Whether you’re new to fitness supplements or exploring the idea of expanding beyond basic protein powder to enhance your results, creatine is probably on your radar.
Although it’s one of the most commonly used supplements by gym-goers, many don’t fully understand what it is and how it works. Learning the basics at a minimum is the best way to ensure you’re taking creatine appropriately so you can get the best results.
In this article, we’ll go over the basics of creatine, paying special attention to how it interacts with another important piece of the fitness puzzle: hormones.
What is Creatine?
When you think of creatine, you’re probably thinking about the supplement form. However, it’s actually a naturally-occurring substance that your body produces. It helps with energy production, muscle building, better focus, and improved productivity. In the gym, it helps you push a little harder.
Creatine is stored in the muscle, but these stores are not typically at maximum capacity. They actually tend to be closer to 80 percent of capacity.
That’s the main purpose of a creatine supplement. Taking this in addition to the amount produced in the body pushes the creatine stores in your muscle closer to 100%. This small amount of “extra” creatine expands the benefits of your workout.
How Does Creatine Work?
While stored in the muscle, creatine binds with a phosphate group to create creatine phosphate. Later, at the end of an energy production cycle, that phosphate is given to adenosine diphosphate (ADP). The extra phosphate group transforms this compound to become adenosine triphosphate (ATP).
ATP is the fuel your body needs to create energy. Without that extra phosphate, ADP would be basically useless when it comes to energy production. As the energy cycle repeats itself, the body depletes creatine stores and therefore the phosphate needed to create ATP.
Benefits of Creatine
Supplemental creatine maximizes your creatine stores and supports energy production. During your workout, it gives you more time before you deplete your creatine stores so you have more power and stamina. It also speeds up muscle and strength building.
Many athletes use creatine monohydrate powder to boost high-intensity movements like jumping or sprinting.
Does Creatine Affect Hormones?
Yes! Although creatine plays an enormous role in energy production, its impact on certain hormones is the story behind one of its most coveted benefits, muscle and strength building.
Creatine targets two major anabolic hormones: testosterone and IGF-1.
Creatine and Testosterone
Taking a creatine supplement may increase testosterone in the body. One study that found this to be true examined a group that combined a 10-week strength training program combined with creatine with a placebo group. The group taking creatine experienced both a larger increase in testosterone and strength compared to the placebo group.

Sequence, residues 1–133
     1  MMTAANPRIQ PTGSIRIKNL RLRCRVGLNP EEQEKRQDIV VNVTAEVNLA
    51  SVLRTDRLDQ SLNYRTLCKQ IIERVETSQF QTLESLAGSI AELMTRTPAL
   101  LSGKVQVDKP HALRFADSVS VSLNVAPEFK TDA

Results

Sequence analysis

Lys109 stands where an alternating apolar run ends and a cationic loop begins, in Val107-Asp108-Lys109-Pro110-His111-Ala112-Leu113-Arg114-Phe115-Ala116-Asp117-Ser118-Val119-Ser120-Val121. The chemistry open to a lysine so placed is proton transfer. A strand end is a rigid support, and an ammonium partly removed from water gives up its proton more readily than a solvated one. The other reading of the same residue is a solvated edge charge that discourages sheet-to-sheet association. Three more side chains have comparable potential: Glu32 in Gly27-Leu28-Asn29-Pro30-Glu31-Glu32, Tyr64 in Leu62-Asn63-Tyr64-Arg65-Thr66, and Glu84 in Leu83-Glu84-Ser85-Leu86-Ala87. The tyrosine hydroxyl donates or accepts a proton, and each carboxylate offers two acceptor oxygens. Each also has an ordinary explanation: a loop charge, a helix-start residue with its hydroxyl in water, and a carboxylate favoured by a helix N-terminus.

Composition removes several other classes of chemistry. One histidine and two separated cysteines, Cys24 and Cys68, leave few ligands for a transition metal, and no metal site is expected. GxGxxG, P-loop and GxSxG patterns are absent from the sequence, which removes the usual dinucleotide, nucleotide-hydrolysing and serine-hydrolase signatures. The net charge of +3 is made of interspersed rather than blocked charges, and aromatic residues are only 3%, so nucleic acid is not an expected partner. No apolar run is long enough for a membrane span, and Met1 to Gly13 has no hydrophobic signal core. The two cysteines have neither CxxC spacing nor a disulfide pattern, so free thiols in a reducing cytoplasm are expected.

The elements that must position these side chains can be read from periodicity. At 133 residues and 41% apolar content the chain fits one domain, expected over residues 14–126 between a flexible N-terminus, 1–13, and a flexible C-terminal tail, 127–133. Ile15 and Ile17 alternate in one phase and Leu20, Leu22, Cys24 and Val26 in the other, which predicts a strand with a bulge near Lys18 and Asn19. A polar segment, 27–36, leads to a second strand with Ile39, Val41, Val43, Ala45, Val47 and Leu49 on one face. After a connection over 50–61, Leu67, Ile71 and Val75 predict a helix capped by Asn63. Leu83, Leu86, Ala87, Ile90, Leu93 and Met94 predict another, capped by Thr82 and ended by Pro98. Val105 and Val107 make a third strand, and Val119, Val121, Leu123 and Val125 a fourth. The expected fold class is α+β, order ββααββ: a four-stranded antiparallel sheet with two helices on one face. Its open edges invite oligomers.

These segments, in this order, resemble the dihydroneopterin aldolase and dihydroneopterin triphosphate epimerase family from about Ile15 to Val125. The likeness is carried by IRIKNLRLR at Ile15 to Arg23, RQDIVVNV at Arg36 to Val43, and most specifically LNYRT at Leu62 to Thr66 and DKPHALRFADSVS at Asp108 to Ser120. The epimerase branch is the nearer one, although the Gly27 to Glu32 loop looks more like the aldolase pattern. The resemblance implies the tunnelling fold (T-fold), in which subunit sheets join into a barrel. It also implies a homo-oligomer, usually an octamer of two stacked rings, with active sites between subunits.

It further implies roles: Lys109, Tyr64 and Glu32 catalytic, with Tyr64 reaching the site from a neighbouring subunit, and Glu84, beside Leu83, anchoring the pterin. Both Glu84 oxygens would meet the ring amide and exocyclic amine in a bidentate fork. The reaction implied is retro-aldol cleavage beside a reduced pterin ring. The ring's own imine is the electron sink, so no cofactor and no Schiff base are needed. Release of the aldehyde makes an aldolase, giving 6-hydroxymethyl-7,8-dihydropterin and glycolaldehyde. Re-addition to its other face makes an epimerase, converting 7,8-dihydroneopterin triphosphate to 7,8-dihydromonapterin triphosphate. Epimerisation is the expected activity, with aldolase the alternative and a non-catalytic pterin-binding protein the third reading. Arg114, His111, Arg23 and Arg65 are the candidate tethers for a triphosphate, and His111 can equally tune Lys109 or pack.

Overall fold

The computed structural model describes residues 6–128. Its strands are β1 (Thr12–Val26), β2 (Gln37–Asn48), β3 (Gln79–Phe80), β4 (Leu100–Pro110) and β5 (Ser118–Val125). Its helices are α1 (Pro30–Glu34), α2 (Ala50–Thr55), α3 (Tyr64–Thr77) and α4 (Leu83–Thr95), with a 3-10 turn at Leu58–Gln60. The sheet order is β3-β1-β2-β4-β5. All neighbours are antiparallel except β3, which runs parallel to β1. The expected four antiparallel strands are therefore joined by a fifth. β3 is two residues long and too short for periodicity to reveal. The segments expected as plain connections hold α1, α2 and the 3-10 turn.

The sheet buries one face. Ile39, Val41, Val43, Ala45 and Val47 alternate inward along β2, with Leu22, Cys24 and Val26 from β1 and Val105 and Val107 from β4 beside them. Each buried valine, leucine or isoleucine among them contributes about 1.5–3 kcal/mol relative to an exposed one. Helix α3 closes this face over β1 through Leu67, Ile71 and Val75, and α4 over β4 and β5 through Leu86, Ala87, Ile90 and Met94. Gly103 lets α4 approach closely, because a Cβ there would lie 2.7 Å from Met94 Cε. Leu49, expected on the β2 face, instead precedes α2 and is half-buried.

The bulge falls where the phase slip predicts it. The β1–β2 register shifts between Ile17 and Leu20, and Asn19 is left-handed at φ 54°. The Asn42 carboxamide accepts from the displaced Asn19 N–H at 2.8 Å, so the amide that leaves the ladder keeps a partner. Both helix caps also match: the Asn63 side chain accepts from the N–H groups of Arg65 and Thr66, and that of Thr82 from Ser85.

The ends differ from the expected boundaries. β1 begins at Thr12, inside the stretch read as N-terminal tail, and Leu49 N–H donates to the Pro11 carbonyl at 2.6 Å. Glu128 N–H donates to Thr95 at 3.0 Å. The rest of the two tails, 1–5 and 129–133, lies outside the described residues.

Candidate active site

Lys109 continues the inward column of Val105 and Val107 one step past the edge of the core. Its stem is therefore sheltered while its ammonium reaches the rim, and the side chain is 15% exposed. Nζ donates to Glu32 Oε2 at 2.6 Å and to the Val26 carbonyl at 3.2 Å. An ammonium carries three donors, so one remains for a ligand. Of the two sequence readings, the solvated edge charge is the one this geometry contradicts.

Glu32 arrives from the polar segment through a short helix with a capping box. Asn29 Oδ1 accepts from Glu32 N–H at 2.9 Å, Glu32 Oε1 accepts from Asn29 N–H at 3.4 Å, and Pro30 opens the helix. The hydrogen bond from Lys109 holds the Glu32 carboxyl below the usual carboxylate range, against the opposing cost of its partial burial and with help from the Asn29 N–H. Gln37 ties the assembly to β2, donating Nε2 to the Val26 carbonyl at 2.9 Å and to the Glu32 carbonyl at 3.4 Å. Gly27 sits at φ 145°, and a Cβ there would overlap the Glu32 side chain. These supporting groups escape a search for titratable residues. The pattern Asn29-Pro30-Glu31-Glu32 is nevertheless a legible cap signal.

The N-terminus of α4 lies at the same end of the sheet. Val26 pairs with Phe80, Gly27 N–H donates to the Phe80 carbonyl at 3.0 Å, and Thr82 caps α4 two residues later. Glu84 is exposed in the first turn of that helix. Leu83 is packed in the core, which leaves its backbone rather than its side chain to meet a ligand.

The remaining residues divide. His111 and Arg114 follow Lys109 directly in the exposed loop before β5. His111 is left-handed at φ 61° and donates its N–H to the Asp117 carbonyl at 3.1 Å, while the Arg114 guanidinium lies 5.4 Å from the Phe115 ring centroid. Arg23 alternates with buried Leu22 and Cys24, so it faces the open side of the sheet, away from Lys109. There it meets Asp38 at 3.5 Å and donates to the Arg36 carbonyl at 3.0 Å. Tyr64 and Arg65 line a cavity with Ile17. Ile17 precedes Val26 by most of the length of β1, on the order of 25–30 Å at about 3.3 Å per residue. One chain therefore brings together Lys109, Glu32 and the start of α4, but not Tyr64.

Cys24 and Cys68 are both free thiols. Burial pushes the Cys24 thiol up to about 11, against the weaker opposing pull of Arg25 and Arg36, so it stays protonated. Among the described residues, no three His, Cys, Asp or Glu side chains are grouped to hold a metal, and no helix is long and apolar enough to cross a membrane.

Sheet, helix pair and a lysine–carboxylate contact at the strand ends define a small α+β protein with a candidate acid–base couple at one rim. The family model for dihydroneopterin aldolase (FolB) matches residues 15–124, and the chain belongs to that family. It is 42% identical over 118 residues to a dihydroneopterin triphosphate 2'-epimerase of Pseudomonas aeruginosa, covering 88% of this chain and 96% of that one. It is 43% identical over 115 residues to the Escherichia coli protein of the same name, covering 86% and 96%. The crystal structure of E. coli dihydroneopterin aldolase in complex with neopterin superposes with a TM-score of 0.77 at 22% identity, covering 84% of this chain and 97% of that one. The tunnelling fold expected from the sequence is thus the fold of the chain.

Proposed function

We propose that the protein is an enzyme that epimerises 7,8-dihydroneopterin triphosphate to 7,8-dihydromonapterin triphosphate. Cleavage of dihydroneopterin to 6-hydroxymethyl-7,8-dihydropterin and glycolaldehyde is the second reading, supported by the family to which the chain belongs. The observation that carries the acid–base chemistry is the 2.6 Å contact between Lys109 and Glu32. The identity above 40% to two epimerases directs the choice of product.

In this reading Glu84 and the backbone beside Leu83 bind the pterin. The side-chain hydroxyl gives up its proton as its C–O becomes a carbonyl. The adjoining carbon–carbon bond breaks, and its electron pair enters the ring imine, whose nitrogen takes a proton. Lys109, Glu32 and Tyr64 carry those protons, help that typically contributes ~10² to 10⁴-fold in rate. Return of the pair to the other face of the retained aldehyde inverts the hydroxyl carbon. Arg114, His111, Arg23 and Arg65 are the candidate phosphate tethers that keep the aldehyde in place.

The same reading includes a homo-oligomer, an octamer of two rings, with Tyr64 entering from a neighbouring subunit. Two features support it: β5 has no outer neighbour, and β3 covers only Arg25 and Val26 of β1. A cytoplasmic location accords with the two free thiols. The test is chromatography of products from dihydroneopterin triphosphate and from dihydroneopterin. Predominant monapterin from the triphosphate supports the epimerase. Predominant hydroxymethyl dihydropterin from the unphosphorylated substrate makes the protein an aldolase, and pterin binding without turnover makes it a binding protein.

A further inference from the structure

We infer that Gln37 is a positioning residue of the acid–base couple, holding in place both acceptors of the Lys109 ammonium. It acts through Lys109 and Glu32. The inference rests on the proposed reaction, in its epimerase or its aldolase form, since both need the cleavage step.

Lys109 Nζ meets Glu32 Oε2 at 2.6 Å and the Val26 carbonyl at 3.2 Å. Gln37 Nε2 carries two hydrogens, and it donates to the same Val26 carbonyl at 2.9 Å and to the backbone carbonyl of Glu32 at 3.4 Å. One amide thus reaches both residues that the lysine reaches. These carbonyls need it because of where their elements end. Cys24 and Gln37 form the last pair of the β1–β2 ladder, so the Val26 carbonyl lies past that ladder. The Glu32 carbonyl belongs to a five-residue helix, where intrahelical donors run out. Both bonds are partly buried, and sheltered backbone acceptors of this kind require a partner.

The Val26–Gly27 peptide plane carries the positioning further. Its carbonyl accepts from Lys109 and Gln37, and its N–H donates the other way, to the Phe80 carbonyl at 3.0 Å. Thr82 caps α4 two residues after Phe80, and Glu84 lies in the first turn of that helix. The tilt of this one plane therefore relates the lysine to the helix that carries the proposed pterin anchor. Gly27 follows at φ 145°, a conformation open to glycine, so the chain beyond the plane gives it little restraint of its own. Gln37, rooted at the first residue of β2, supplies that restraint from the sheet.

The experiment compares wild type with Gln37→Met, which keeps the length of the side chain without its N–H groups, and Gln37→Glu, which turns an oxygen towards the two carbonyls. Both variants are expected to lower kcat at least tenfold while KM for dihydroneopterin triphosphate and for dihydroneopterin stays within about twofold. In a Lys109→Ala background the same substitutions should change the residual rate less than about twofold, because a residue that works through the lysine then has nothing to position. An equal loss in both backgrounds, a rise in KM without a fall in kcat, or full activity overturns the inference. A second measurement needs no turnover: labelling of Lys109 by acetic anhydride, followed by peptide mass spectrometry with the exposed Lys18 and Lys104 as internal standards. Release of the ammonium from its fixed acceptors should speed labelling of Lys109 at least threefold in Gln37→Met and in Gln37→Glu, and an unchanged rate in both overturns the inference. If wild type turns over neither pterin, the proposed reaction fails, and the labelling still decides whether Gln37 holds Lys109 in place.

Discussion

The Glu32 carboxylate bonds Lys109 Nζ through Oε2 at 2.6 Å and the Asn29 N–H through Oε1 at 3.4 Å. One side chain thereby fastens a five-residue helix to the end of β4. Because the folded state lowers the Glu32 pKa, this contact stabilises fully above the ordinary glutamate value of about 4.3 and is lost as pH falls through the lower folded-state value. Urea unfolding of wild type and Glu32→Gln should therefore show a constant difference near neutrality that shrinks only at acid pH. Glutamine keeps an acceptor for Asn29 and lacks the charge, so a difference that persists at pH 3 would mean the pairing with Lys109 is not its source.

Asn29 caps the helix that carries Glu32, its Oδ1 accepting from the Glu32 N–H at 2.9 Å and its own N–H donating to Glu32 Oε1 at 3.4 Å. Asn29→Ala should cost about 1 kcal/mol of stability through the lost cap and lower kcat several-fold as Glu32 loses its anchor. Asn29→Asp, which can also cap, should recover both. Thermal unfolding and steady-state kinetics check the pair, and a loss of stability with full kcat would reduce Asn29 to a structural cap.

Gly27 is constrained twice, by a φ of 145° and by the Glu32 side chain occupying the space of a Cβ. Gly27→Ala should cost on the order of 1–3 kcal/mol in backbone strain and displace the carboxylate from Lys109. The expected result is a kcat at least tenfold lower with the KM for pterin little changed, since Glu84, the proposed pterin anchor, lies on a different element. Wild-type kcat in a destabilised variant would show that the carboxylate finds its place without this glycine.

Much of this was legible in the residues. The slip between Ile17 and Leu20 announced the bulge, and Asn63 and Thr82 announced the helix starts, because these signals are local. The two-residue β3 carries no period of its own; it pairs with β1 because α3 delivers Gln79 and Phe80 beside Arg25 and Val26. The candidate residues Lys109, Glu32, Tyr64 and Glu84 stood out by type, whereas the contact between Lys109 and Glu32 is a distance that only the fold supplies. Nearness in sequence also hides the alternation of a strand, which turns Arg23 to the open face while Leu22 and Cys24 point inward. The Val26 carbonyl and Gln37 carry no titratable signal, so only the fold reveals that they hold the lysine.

Another study suggests that creatine may only increase testosterone temporarily. However, it’s not a bad thing. This temporary boost in testosterone production may be responsible for more endurance during a workout.
What Does Testosterone Do?
Testosterone is a sex hormone that regulates sex drive, as well as certain factors of body composition such as body fat, distribution, muscle mass, and bone density.
It plays a role in muscle growth by increasing neurotransmitters, interacting with DNA nuclear receptors, and increasing growth hormones, all responsible for protein synthesis and tissue growth.
Male testosterone production starts to slow as early as thirty years old. Over time, low testosterone production may result in:
- Decreased endurance
- Decreased strength
- Mental fog
- Decreased energy
- Low libido
Creatine and IGF-1
Insulin growth factor-1 (IGF-1) is another anabolic hormone, which means it encourages muscle growth. Taking creatine can simply help increase IGF-1 production, which helps to support muscle growth.
Creatine and Cortisol
Cortisol is a stress hormone. It’s beneficial in many ways, but in the gym, it could have the exact opposite result of what you’re hoping for. Excess cortisol is catabolic, which means it can break down muscle tissue.
Your body may produce more cortisol during high-intensity workouts because technically, they are perceived as high stress on the body.
Taking creatine may help to decrease cortisol in the body and therefore preserve muscle mass. One study found that short-term creatine supplementation (6 days in this instance) reduced cortisol concentrations in swimmers, following a sprint workout.
Is Creatine Safe?
In short, yes. Thanks to its popularity, creatine is one of the most heavily researched fitness supplements on the market. The International Society of Sports Nutrition (ISSN) states in their position paper that up to 30 grams of creatine per day is safe, and can be taken consistently for up to 5 years.
If you’ve heard skepticism about the safety of creatine, it likely stemmed from products that combine creatine with some sort of additive. Extra ingredients are typically stimulants, which can pose some risks for certain people. However, creatine on its own is safe.
Also, the topic of creatine and water retention is typically misunderstood.
If you choose to add creatine to your fitness routine, be aware of some of the potential side effects. These include weight gain, water retention, and digestive discomfort. These are pretty rare, and more common in products with additives like artificial sweeteners. You can easily avoid many of these by choosing a reputable brand that limits the use of additives.
The Takeaway on Creatine and Hormones
On a hormonal level, creatine can help you build more muscle, and build it more quickly. Although more research is needed to determine the exact mechanisms, creatine may influence the production of testosterone and IGF-1, which are anabolic hormones that support muscle growth. Creatine may also decrease cortisol, preventing it from inhibiting muscle growth.